[INDOLOGY] Publishing contracts

Will Sweetman will.sweetman at gmail.com
Thu Mar 17 01:57:33 UTC 2016

In the last few months I've been asked to sign two contracts with Indian 
publishers which included what seem to me to be very sweeping liability 
statements. Both required me to warrant that the works in question were 
original, not plagiarised and did not violate copyright, and that they 
contained nothing obscene, indecent, objectionable or libelous (one 
added scandalous and indecent). Both contracts required authors and 
editors to indemnify the publishers against any costs or losses incurred 
as a result of breach of these warranties.

In both cases these were for edited volumes that included editors and 
contributors based in India, and I had concerns about the possible 
implications of these clauses for those based in India for reasons that 
I suspect no-one on this list will need to have specified.

Comparing these contracts with others I've signed with publishers based 
in the UK and US, I find that the major difference is that the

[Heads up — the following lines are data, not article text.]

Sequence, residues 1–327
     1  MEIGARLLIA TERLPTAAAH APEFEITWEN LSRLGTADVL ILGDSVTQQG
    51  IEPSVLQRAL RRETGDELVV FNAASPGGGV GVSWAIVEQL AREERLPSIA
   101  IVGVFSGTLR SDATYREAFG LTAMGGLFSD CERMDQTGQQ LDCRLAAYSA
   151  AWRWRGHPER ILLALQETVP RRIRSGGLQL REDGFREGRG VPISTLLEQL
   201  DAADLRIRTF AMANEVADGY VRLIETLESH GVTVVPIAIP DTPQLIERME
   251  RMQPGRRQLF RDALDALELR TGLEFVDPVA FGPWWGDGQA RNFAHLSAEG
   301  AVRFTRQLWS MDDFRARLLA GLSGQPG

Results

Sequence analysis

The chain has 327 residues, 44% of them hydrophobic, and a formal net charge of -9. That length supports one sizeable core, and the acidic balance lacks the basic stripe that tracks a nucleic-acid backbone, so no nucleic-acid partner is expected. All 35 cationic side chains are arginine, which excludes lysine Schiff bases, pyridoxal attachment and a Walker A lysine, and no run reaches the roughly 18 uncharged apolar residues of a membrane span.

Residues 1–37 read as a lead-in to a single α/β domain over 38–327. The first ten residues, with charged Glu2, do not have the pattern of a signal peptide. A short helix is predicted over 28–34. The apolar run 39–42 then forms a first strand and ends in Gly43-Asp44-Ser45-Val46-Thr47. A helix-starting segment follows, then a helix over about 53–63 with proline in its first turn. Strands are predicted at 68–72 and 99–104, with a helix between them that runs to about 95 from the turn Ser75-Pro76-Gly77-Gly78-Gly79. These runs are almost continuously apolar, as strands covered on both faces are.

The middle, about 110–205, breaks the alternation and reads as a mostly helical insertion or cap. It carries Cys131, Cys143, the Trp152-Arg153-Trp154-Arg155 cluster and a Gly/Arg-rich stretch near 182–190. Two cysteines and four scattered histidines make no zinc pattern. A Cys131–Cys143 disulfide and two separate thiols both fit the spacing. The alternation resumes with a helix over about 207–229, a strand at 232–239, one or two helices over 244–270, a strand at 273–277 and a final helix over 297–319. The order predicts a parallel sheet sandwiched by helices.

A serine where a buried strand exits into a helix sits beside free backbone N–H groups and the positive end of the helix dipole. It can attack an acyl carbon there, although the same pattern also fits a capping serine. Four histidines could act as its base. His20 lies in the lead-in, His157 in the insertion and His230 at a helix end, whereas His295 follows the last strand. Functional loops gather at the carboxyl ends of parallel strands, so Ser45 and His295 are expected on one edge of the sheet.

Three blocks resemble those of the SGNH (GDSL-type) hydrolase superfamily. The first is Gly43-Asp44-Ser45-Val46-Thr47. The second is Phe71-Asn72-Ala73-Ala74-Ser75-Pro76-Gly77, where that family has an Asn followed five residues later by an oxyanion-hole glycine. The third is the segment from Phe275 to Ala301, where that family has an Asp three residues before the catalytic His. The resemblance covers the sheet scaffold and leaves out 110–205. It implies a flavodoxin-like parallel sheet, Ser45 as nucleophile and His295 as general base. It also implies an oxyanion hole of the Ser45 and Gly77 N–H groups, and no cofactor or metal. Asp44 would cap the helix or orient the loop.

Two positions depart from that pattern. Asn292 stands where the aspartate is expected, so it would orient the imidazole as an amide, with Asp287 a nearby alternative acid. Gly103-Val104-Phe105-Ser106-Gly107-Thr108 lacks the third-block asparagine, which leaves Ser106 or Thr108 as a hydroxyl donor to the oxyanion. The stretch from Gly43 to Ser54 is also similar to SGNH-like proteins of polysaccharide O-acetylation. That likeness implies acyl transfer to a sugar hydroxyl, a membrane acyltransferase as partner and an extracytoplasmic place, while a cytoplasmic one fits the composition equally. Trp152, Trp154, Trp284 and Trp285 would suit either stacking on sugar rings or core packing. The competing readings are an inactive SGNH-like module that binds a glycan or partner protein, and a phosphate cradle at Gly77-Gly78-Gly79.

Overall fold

warranties required there related only to "obscene, libelous or 
unlawful" material, and the indemnity in some cases is limited to losses 
or costs arising from breach of copyright alone.

My question is whether "objectionable" in Indian law simply has the same 
sense as "unlawful" in other jurisdictions. It seems to me that 
objectionable covers a much wider range - but perhaps there is a more 
technical sense.

Incidentally, one publisher agreed to amend the contract to a much more 
limited warranty and indemnity. In the other case, I was unable to 
persuade my fellow editors to push for an amendment, so I'll never know 
whether we might have achieved a better position. I think academics too 
often sign contracts without any negotiation, and I'd be very interested 
to hear (whether on or off list) whether others have been successful in 
getting contracts amended.

Best wishes


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